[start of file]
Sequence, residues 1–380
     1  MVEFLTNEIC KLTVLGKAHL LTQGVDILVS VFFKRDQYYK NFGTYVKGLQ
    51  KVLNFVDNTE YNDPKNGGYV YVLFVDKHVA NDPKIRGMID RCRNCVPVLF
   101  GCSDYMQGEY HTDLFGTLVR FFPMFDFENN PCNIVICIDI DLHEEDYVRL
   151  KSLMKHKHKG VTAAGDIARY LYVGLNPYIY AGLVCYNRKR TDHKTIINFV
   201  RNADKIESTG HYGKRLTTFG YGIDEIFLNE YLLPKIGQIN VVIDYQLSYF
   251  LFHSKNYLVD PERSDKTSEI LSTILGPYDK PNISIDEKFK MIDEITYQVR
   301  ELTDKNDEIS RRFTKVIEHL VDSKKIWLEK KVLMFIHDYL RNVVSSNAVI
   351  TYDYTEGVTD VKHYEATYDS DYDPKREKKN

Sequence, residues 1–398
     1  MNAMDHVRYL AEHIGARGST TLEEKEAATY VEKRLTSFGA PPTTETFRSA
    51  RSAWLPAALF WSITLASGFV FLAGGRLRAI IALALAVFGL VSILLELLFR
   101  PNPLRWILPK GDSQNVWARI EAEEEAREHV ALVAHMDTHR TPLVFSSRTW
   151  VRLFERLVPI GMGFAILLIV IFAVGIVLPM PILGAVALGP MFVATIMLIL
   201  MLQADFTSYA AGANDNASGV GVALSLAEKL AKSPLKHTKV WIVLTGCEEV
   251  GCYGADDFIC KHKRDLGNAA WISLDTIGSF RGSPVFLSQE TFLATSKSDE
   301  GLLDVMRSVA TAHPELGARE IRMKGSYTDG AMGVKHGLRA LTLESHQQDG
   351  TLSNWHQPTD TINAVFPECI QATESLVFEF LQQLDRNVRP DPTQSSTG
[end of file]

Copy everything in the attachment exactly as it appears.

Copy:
Sequence, residues 1–380
     1  MVEFLTNEIC KLTVLGKAHL LTQGVDILVS VFFKRDQYYK NFGTYVKGLQ
    51  KVLNFVDNTE YNDPKNGGYV YVLFVDKHVA NDPKIRGMID RCRNCVPVLF
   101  GCSDYMQGEY HTDLFGTLVR FFPMFDFENN PCNIVICIDI DLHEEDYVRL
   151  KSLMKHKHKG VTAAGDIARY LYVGLNPYIY AGLVCYNRKR TDHKTIINFV
   201  RNADKIESTG HYGKRLTTFG YGIDEIFLNE YLLPKIGQIN VVIDYQLSYF
   251  LFHSKNYLVD PERSDKTSEI LSTILGPYDK PNISIDEKFK MIDEITYQVR
   301  ELTDKNDEIS RRFTKVIEHL VDSKKIWLEK KVLMFIHDYL RNVVSSNAVI
   351  TYDYTEGVTD VKHYEATYDS DYDPKREKKN

Sequence, residues 1–398
     1  MNAMDHVRYL AEHIGARGST TLEEKEAATY VEKRLTSFGA PPTTETFRSA
    51  RSAWLPAALF WSITLASGFV FLAGGRLRAI IALALAVFGL VSILLELLFR
   101  PNPLRWILPK GDSQNVWARI EAEEEAREHV ALVAHMDTHR TPLVFSSRTW
   151  VRLFERLVPI GMGFAILLIV IFAVGIVLPM PILGAVALGP MFVATIMLIL
   201  MLQADFTSYA AGANDNASGV GVALSLAEKL AKSPLKHTKV WIVLTGCEEV
   251  GCYGADDFIC KHKRDLGNAA WISLDTIGSF RGSPVFLSQE TFLATSKSDE
   301  GLLDVMRSVA TAHPELGARE IRMKGSYTDG AMGVKHGLRA LTLESHQQDG
   351  TLSNWHQPTD TINAVFPECI QATESLVFEF LQQLDRNVRP DPTQSSTG